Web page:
Data and application notes


The SolData 80SPC pyranometer is designed to measure global solar radiation. The instrument employs a photovoltaic solar cell which has been temperature compensated by means of a thermistor-resistor network. Each instrument is individually calibrated using to agree with secondary standard meteorological instruments. Our calibration reference has been checked against the World Radiometric Reference (WRR) according to World Meteorological Organization (WMO) Technical Regulations by Kipp & Zonen B.V. of Delft, Holland.


Secondary standard devices such as Eppley, Kipp-Zonen or YES instruments are based upon absorption of solar irradiance from 300-3000 nanometers by a blackened surface under one or more glass domes. These instruments measure the temperature difference between the irradiated surface and a reference point as measured by a thermopile to determine the solar irradiance. The SolData photovoltaic instrument depends upon the direct conversion of the solar irradiance on the solar cell to an electric current.


The SolData instrument is useful for projects, laboratory exercises and demonstrations in science education. It has also been used successfully for monitoring solar irradiance on solar thermal and photovoltaic energy systems at
locations all over the world. Daily measurements of global radiation using the SolData 80SPC will typically agree with broad band thermopile instruments to within +/-3%.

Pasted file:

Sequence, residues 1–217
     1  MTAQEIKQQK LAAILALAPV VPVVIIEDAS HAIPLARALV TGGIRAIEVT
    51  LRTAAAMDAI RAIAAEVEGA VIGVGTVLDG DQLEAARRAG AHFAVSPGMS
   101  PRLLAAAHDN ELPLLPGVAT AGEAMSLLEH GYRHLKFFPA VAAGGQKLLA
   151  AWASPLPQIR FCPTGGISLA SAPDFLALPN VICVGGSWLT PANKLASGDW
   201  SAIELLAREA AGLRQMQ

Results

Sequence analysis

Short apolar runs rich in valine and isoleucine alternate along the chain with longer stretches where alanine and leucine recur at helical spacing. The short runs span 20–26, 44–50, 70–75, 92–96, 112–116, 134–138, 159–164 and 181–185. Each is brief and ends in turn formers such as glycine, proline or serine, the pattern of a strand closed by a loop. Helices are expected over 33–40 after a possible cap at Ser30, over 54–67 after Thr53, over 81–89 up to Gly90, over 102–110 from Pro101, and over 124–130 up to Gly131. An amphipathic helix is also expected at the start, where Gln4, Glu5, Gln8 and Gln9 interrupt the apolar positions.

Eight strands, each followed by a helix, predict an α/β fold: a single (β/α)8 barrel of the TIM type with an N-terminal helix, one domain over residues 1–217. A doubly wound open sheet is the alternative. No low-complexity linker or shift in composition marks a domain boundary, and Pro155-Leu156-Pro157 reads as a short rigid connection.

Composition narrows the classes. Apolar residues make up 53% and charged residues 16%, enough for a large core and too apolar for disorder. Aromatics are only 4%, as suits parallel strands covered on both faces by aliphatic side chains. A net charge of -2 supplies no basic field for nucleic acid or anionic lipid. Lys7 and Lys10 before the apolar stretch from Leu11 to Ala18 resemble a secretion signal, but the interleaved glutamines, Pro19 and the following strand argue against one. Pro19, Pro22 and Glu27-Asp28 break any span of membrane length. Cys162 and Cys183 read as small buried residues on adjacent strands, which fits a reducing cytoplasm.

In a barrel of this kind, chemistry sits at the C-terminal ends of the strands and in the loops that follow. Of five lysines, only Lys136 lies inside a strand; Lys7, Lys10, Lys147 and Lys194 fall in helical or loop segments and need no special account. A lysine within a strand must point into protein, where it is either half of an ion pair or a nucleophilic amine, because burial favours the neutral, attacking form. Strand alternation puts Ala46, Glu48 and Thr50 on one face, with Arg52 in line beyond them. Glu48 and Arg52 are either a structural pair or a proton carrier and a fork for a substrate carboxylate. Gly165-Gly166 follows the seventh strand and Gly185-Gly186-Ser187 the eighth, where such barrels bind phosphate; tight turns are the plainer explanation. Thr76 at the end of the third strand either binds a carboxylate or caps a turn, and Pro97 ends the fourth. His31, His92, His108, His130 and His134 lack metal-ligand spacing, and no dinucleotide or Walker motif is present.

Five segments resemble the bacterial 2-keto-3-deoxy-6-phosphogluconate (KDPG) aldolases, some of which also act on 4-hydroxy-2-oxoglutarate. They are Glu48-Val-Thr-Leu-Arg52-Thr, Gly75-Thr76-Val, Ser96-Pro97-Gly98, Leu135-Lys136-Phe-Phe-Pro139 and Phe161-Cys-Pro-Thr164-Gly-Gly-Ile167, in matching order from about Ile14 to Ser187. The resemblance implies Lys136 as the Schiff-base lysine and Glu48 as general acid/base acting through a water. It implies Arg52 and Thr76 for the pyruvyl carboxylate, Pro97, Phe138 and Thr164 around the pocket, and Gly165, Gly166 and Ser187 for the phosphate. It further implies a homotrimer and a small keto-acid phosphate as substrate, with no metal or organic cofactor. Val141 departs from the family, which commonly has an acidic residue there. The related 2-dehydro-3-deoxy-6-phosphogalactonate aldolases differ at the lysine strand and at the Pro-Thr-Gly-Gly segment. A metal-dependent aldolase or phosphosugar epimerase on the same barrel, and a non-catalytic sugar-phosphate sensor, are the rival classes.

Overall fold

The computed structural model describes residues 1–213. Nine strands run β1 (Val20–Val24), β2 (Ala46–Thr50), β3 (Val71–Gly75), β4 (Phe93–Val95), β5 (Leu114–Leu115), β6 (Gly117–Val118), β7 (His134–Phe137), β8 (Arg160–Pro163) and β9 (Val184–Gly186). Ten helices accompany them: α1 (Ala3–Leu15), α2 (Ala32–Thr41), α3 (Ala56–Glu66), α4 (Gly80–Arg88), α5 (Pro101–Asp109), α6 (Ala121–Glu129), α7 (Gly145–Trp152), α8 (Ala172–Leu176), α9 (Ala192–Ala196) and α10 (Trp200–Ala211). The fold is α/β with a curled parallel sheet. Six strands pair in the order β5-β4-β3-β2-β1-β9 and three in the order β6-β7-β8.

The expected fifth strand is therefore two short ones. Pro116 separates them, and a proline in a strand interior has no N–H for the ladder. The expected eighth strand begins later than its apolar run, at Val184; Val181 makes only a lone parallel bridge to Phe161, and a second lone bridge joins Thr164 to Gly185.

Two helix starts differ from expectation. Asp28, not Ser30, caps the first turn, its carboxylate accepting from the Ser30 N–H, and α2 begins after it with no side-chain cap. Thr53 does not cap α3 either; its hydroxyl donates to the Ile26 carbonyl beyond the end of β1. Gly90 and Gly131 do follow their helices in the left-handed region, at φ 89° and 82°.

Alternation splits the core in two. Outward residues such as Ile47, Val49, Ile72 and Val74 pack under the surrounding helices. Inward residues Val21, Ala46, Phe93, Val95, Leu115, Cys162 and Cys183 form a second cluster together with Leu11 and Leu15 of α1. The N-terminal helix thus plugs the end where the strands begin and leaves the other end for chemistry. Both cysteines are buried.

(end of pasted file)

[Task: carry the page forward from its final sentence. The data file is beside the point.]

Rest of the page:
Typical calibration results. The SolData pyranometer reacts instantaneously to changes in irradiance, while the thermopile instrument has a response time of several seconds, so data collected during cloud passages deviate from the straight line.


A SolData pyranometer will typically yield results like the data displayed here for a clear spring day in Denmark (56 N). The area under the curve corresponds to the total daily global solar energy e.g. measured in kWh per square meter.


Mass:400 gram
Size:100 x 100 x 25 mm
Cable:300 cm, 2 lead unshielded
Detector:Photovoltaic silicon cell
Spectral response:300-1150 nm (see note)
Spatial response:cosine to ca. 700
Supply voltage:none required
Output voltage:ca. 160 mV per kW/m2

The price of a photovoltaic instrument is about 10-20% of the price of a thermopile instrument. The high output signal makes is easy to collect data without amplification. Signal conditioning units are available if another voltage range is desired.


A SolData pyranometer is temperature compensated to within about +/-1% from -5 0C to 50 0C. Temperature compensation is achieved by means of a selected thermistor (NTC resistor)-shunt resistor combination.


A SolData instrument is compared with a Kipp-Zonen CM21. The instruments were mounted on a horizontal surface in Silkeborg, Denmark (56,1 N) a few weeks after the autumn equinox. Data was collected using a Grant type 1023 data logger. The SolData calibration factor is determined by comparing the instruments and correcting to air mass 1.5 (elevation angle 42 0).

Measurements of global irradiance on a horizonal surface using a SolData 80SPC and a Kipp-Zonen. To avoid the deviation visible in the afternoon, it is important that the receiving surfaces of the instruments be perfectly parallel. Any deviation becomes very apparent at high angles of incidence.

Responsivity variations are apparent in the early morning and late afternoon hours due to the high angle of incidence of the direct beam radiation. The error due to spectral shift in the direct beam toward the red due to Rayleigh scattering at high air mass values enhances the silicon detector sensitivity, while the cosine response deviation is of the opposite sign. These two errors tend to cancel. The remaining deviation is usually insignificant, because the radiation levels early and late in the day are small.

The global solar irradiance measured by the two instruments from 8 - 18 local time was as follows:
Kipp-Zonen: 4,307 kWh/m2
SolData 80spc: 4,232 kWh/m2
Deviation: -1,74%

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